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Non-profits: know what you want before asking for money

For non-profit organizations and charities, fundraising is always top of mind. That means asking people and companies for money—sometimes lots of money. There’s no single way to go about this task but organizations will certainly make it easier on themselves by understanding themselves, building their profile and maintaining strong relationships with donors and potential donors. Alberta Culture has published a guide to help non-profits and charities do just that.

 

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Competition bureau publishes draft guidelines for the production of electronically stored information

On August 26, 2014, the Competition Bureau published draft Guidelines for the Production of Electronically Stored Information for public consultation.

 

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How to fire an employee without crushing their soul

In the world of work, few things strike terror into the hearts of employees more so than being fired. Similarly, for those charged with the responsibility, the action of firing an individual for performance related issues is often equally dreaded.

 

Not-for-profits should be doing some strategic thinking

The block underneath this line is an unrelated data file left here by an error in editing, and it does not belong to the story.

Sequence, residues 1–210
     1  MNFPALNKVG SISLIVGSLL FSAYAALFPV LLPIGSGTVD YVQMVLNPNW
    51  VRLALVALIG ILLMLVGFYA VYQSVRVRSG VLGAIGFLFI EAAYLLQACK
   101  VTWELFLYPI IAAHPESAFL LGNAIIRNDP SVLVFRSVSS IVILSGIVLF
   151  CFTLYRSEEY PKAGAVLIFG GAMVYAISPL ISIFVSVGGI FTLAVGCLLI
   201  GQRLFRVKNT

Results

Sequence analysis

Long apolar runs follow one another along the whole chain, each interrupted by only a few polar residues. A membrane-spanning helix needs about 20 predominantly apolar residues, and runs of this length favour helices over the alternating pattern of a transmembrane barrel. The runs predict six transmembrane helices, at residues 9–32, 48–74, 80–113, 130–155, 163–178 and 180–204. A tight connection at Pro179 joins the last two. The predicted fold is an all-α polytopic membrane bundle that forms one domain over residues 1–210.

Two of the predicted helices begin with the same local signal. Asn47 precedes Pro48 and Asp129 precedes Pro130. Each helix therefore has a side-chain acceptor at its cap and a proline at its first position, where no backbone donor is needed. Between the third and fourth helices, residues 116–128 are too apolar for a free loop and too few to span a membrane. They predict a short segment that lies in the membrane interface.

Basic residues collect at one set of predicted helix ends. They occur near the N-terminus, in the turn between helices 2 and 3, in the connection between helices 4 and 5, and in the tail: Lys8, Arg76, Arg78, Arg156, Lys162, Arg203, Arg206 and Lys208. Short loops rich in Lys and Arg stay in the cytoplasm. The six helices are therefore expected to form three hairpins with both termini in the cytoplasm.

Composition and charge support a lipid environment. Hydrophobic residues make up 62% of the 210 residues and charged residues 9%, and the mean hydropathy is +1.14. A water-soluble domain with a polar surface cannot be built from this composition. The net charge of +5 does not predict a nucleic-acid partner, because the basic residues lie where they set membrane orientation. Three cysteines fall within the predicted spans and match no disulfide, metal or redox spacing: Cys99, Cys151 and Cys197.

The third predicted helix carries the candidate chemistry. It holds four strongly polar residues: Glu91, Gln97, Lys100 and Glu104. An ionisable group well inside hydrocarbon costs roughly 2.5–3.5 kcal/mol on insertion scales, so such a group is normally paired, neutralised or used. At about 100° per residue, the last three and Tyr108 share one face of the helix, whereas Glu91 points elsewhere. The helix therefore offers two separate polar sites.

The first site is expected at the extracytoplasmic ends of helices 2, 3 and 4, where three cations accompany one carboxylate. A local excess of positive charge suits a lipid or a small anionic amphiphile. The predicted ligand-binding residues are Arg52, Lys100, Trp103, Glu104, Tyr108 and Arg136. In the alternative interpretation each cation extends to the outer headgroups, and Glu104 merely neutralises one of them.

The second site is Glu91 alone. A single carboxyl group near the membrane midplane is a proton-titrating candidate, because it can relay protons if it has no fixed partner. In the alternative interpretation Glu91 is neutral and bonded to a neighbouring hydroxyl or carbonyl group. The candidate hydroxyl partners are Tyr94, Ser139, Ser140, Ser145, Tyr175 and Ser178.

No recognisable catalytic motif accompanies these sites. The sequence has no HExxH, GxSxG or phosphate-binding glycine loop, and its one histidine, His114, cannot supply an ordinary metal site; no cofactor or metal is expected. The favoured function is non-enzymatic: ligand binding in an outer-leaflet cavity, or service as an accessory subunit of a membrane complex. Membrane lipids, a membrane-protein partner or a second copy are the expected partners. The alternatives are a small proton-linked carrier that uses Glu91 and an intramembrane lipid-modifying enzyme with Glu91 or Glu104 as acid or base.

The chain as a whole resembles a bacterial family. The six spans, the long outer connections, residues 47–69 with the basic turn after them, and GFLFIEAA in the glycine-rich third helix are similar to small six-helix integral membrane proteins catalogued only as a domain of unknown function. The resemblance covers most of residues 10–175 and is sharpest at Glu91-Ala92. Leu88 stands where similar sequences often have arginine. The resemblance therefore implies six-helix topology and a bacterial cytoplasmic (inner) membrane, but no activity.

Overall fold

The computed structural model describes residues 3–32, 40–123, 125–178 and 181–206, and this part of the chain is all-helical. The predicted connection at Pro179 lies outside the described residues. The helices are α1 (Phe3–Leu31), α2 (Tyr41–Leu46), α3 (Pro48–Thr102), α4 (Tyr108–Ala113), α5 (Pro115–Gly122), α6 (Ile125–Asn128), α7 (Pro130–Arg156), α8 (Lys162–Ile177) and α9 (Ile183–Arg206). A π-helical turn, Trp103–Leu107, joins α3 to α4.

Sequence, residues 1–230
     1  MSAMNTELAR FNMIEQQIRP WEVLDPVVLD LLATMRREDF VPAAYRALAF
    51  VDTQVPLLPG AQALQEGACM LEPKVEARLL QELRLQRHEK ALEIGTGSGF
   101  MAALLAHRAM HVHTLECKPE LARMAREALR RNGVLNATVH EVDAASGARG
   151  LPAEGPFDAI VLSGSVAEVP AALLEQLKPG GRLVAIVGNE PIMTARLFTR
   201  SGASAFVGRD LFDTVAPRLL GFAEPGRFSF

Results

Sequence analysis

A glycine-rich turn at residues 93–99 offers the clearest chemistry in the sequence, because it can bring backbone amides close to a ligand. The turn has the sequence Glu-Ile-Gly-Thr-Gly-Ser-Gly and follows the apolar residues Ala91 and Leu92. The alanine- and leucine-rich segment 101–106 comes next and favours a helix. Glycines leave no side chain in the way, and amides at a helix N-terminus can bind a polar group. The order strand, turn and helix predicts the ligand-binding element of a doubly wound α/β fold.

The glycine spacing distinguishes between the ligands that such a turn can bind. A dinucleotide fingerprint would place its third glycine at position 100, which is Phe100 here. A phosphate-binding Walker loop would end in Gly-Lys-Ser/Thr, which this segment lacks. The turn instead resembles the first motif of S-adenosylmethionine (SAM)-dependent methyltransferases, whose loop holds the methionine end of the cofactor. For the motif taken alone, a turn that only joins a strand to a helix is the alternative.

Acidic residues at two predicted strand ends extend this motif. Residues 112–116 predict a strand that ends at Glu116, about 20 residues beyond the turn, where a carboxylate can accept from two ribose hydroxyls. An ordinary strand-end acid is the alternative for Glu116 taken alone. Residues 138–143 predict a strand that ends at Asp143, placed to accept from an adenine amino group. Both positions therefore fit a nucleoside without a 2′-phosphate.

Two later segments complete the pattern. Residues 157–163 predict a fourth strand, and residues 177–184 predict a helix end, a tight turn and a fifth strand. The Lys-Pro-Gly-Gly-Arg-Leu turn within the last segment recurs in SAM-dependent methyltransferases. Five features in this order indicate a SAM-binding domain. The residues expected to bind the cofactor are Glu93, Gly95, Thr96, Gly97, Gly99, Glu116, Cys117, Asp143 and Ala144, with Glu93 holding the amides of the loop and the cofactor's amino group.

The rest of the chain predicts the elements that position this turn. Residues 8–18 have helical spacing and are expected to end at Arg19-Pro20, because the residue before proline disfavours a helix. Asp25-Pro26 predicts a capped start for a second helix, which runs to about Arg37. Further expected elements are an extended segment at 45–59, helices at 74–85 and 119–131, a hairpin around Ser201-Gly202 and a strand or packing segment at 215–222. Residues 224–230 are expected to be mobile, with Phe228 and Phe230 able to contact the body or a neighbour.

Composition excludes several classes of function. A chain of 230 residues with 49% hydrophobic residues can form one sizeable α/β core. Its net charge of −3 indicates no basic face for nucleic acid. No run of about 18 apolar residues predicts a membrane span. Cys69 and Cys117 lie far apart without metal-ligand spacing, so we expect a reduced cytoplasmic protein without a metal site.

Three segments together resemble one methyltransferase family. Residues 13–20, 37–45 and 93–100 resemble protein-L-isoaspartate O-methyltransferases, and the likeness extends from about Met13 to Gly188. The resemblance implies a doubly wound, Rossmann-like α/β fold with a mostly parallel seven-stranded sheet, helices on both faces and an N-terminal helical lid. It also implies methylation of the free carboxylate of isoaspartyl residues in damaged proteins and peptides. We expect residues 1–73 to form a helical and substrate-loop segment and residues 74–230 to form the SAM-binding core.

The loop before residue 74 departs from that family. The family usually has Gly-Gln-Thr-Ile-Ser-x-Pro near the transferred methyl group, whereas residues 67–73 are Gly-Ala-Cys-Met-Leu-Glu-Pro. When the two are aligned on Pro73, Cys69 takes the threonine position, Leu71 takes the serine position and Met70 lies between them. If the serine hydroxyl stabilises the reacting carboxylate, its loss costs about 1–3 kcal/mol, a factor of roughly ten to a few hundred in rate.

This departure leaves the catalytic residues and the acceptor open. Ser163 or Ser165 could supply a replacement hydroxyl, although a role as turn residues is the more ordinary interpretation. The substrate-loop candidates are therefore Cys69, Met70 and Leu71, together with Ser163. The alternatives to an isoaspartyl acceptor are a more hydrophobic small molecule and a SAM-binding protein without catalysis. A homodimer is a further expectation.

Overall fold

Typically, because charities are subject to so much regulation and not-for-profits comparatively little, most focus from the sector tends to fall on the former. However, there are changes both recent and expected that not-for-profits should be planning for.

 

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Being accountable: Fiduciary duties and the business judgment rule

On July 10, 2014, the Ontario Court of Appeal released an important decision regarding corporate governance and shareholders rights. In the case between Unique Broadband Systems Inc. and its former CEO and director, Gerald McGoey, the Court of Appeal clarified the fiduciary obligations on the part of officers and directors of both private and public companies as well as the limitation on the business judgment rule that limits a Court from “second guessing” decisions of management.

 

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McDonald’s, and not just its franchisees, liable for worker treatment says National Labor Relations Board: should Canadian franchisors be concerned?

The general counsel of the United States’ National Labor Relations Board (NLRB) recently ruled that McDonald’s should be considered a joint employer with its franchisees. This finding, if ultimately upheld, could pave the way for nationwide union organizing of franchisors.

 

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Ontario’s Court of Appeal affirms principles of contractual interpretation and the standard of review in contractual disputes

On September 10, 2014, the Court of Appeal for Ontario released a decision applying the Supreme Court of Canada’s recent ruling dealing with contractual interpretation and the standard of review for contractual disputes.